She’s on her biggest paper chase yet.
An archival activist who’s long been a thorn in the side of New York bureaucrats says an attempted cash grab by the city sparked her bid to get millions of its historical records — so she can put them online, for free, “forever,” according to a lawsuit.
Brooke Schreier Ganz’s nonprofit, Reclaim the Records, has already put online more than 30 million public documents since 2015, including searchable indexes listing old births, deaths and marriages. The group targets records it says are “wrongly restricted” by local governments.
A New York native who lives in California, Ganz and Reclaim the Records have already beaten the city in court three times as it fights for records.
The fed-up group filed its largest Freedom of Information request yet in October 2020, after the Municipal Archives proposed new restrictions and new fees on how the public could use the city’s historical records, none of which are restricted by copyright and “some of which predate the founding of the United States,” Ganz said.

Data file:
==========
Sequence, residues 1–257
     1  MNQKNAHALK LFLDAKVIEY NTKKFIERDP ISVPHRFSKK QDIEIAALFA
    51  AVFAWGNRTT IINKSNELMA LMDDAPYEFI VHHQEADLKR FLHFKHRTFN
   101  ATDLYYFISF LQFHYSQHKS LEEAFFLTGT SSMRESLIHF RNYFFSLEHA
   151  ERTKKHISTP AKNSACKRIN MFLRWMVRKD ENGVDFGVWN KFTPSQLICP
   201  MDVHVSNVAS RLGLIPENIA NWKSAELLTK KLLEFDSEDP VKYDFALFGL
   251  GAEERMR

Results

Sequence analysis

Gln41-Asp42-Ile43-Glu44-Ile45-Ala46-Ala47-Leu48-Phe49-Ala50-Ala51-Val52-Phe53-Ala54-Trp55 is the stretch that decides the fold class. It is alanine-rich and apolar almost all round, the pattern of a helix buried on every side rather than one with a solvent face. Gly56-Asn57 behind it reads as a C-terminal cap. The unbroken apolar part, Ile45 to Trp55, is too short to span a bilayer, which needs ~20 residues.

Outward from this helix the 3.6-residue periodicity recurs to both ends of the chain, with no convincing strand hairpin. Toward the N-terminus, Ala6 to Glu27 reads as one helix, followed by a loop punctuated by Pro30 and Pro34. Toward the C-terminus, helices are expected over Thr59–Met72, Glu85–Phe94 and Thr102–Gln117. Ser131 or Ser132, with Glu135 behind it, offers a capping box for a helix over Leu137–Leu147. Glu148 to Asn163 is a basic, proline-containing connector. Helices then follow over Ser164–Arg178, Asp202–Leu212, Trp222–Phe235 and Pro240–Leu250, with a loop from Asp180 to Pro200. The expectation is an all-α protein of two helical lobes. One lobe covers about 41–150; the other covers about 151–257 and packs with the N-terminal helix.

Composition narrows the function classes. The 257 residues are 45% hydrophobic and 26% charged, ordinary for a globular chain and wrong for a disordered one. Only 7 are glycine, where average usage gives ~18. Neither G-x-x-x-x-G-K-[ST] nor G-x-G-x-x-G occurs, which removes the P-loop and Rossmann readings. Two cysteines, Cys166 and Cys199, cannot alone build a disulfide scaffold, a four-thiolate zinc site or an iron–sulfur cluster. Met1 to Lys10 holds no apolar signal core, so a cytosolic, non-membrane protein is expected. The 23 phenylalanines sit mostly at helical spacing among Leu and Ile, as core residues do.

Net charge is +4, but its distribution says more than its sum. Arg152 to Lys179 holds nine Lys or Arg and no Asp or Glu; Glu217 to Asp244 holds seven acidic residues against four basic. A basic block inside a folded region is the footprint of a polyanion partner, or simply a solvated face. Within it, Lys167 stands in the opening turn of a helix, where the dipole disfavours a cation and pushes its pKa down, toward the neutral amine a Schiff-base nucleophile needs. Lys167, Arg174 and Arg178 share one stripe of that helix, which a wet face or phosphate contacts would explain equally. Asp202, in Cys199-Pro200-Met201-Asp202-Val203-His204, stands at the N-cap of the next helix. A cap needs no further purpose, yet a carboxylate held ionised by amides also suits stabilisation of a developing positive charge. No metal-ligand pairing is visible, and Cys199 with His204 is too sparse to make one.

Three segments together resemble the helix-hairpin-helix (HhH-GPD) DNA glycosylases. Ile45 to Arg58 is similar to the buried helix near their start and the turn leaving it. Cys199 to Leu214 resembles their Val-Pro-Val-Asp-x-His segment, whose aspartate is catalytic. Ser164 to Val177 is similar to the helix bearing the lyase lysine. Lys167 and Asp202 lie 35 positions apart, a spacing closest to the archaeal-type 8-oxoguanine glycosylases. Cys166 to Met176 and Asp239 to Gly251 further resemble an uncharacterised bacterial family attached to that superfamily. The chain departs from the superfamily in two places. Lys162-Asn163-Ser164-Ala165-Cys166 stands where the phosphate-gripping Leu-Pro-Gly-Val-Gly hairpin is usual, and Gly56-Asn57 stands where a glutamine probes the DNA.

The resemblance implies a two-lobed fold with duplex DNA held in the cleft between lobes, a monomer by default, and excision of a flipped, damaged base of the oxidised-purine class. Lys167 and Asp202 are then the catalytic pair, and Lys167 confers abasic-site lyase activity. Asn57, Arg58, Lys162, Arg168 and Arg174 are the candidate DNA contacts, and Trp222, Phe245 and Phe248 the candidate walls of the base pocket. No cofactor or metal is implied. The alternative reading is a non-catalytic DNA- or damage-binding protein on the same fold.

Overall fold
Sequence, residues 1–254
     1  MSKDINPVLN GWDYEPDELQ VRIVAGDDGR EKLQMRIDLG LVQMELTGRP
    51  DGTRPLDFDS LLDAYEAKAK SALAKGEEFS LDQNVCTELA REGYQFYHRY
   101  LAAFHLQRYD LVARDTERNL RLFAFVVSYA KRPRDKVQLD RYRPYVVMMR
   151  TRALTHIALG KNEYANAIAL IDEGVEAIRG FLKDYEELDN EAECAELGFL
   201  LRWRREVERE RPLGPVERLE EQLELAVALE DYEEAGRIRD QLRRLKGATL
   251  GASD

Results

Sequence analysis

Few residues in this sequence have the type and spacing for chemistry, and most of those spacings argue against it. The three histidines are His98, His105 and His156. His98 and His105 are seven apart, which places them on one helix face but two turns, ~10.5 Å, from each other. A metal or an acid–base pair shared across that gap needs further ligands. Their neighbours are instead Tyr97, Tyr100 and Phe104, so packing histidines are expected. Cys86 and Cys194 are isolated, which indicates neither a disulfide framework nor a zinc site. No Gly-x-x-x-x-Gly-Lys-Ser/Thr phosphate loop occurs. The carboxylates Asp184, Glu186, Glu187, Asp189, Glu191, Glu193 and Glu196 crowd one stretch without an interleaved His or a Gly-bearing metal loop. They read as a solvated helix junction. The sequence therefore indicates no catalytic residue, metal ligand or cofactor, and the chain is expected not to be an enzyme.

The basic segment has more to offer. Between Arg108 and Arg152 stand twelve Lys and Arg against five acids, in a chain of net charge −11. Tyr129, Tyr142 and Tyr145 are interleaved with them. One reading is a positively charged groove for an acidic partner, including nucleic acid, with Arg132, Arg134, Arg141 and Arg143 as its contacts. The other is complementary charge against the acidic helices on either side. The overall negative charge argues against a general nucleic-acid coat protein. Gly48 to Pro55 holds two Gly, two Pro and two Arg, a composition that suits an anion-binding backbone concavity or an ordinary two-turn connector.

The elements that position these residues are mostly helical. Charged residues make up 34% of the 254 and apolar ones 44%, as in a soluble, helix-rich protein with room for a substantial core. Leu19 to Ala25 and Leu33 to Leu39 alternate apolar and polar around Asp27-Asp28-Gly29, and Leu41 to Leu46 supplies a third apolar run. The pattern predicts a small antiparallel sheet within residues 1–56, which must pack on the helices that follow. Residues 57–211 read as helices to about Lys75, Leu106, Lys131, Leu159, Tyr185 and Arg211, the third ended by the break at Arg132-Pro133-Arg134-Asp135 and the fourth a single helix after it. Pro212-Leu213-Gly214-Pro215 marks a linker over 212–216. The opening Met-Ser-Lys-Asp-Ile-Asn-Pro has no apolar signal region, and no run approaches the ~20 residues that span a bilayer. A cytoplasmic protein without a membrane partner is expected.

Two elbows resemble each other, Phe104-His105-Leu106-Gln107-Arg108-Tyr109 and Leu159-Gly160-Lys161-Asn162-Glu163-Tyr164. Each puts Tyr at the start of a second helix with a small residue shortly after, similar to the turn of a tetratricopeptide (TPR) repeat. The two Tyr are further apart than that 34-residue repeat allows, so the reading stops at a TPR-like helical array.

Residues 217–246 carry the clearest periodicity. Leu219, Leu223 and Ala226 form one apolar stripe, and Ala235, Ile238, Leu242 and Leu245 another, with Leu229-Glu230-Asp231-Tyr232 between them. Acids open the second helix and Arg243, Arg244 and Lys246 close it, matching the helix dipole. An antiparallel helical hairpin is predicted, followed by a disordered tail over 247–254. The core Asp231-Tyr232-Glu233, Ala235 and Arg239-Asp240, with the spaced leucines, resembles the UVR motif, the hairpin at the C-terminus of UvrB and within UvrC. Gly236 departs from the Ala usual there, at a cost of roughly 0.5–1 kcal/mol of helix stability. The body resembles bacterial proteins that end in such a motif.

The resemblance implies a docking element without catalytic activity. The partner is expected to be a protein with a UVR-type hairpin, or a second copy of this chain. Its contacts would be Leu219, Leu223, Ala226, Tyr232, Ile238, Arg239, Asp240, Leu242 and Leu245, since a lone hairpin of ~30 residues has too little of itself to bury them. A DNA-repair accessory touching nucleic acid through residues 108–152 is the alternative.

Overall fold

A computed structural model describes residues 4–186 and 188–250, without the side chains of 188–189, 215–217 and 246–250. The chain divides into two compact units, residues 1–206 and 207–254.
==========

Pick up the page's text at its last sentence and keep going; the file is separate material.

“No one else is trying to make a buck off historical records like New York has,” Ganz told The Post.
Since then, Ganz and Reclaim the Records have sought copies of all historical records the city has already digitized, which could amount to about 8 million documents, genealogist Alec Ferretti said.
“And we are going to put them all online for free public use, without any restrictions, costs, paywalls, subscriptions, or copyrights,” the group says on its web site.
The Municipal Archive has used permission to publish and license agreements “for decades,” spokesman Ken Cobb said in a statement, calling it a “common practice among libraries and archives” and noting “millions of images are available to the public in our online gallery; all can be downloaded at no cost.”